In response to Athavan
I agree with Athavan in some aspects, especially in regards to the development of the story, since once again we read a book where the protagonist dies as a result of the effects of a totalitarian system. Yet, I strongly disagree about the analysis of Orwell’s authorial intent. What is you’re doing is an inversion or misrepresentation of perspectives, since Orwell should (and indeed he is) be the figurative pessimistic one and you should be the one reflecting upon his exposition and trying to come up with resolutions and ideas about it. I believe that Orwell’s point is not to affirm that humanity is doomed to live under an oppressive regime and there is not hope at all, but to make us aware of the outcomes or possibilities that surround us in a world where power instigates humans to use all means to control one another. Moreover, I believe that the social and historical context in which the book was written must be definitely taken into consideration. If we take into account that Orwell wrote it in 1949, we must also consider that it was a post-war scenario and in which multiple countries were under a dictatorship due to the instability. Thus, analyzing the fragility of the peoples around the globe and the succumbing of countries under the dominance of leaders such as Stalin, I believe that Orwell’s novel works as a preventive measure, as an explicit materialization, of the chaotic descending path which humanity can go through. If we analyze it universally however, disregarding the context, we can also conclude that it successfully proves how ignorance, apathy and conformity, independent of the government, can eventually lead us to live in a state of infinite dominance, not necessarily physical dominance, but mental dominance. As a matter of fact, what is today’s media if not an instrument used to try to persuade us and to control us? Do we really know how if government is working for us or if it is only an institution which devotes most of the time to fight internal political disputes to maintain its own power? As you quoted O’Brien’s line, “The Party seeks power entirely for its own sake (Orwell 263).Orwell is not declaring that there is not hope for humanity if we do not do anything, aspects of such reality are already here, not as extreme as in 1984, but it undeniably they are. Winston’s death at the end of the novel does not mean hope has been exterminated, but it makes us aware that we should not stagnate and dispose ourselves from our responsibilities (someone mentioned it in class) to strive for true improvement.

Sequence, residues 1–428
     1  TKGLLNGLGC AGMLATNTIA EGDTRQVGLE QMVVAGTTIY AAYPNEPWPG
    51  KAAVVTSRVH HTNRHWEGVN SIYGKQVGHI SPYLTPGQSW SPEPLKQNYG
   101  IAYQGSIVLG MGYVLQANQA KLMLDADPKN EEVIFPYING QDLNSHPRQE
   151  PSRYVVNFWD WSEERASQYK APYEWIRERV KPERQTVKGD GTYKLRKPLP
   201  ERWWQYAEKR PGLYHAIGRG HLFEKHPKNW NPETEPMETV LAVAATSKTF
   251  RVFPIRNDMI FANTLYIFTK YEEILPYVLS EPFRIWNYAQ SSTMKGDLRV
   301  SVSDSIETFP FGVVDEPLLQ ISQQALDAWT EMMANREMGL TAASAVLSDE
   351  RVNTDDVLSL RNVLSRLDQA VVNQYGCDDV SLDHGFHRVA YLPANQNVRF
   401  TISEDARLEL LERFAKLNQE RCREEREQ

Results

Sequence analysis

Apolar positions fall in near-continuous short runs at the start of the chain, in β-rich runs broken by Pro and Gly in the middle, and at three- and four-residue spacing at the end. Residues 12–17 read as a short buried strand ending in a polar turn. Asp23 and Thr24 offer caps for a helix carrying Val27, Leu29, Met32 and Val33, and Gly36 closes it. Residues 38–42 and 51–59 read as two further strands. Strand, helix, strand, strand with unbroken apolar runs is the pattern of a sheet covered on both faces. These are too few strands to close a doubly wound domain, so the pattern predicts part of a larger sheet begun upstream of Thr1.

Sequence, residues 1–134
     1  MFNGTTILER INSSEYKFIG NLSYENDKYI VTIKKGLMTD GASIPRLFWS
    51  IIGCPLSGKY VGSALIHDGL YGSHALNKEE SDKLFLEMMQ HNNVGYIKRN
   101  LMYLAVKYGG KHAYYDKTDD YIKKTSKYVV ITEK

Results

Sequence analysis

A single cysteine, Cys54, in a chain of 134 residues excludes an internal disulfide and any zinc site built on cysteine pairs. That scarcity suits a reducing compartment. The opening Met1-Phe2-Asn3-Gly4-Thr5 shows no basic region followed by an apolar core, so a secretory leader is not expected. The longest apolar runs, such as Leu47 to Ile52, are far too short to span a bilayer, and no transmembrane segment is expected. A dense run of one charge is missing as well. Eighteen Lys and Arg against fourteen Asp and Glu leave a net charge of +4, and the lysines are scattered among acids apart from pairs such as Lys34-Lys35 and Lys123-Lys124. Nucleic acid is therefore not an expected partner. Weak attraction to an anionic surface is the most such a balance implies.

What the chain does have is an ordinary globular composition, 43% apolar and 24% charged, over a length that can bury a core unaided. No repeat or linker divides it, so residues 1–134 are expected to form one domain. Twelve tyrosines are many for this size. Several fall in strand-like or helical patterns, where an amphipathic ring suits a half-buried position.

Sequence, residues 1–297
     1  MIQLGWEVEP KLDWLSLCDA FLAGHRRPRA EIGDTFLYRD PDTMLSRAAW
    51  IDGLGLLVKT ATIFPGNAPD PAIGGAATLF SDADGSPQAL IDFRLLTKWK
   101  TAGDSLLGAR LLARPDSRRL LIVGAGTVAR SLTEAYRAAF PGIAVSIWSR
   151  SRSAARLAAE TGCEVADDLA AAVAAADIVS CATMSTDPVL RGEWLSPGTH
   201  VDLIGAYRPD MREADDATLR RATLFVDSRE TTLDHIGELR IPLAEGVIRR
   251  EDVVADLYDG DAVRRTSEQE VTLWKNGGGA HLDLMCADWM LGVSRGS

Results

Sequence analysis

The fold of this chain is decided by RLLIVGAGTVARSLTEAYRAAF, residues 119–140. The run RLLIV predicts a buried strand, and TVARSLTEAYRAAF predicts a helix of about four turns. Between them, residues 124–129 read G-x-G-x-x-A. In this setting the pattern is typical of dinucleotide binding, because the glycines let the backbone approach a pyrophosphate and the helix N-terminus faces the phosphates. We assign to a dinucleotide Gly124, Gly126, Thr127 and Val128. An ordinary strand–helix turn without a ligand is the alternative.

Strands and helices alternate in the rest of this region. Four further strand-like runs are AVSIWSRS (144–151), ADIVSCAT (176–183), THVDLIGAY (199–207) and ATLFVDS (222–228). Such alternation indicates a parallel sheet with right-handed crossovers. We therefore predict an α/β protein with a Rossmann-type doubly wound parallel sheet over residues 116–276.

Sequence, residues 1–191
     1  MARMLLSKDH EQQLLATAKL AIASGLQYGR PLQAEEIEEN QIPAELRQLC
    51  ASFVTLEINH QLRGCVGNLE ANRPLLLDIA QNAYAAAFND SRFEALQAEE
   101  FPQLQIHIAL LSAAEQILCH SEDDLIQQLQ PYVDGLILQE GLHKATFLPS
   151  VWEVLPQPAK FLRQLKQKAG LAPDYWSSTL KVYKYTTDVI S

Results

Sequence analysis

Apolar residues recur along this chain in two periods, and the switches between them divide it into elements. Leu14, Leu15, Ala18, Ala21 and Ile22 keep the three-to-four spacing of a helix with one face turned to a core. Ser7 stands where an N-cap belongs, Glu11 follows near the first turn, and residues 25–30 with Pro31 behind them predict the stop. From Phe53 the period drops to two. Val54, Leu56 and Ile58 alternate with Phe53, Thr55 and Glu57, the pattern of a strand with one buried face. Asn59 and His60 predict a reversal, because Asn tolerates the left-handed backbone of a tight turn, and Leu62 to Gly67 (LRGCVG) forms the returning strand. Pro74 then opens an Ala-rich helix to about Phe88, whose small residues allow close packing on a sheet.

Please click on the above link to review blog expectations. The instructions for this assignment as well as the reading calendar are downloadable in the document to your left.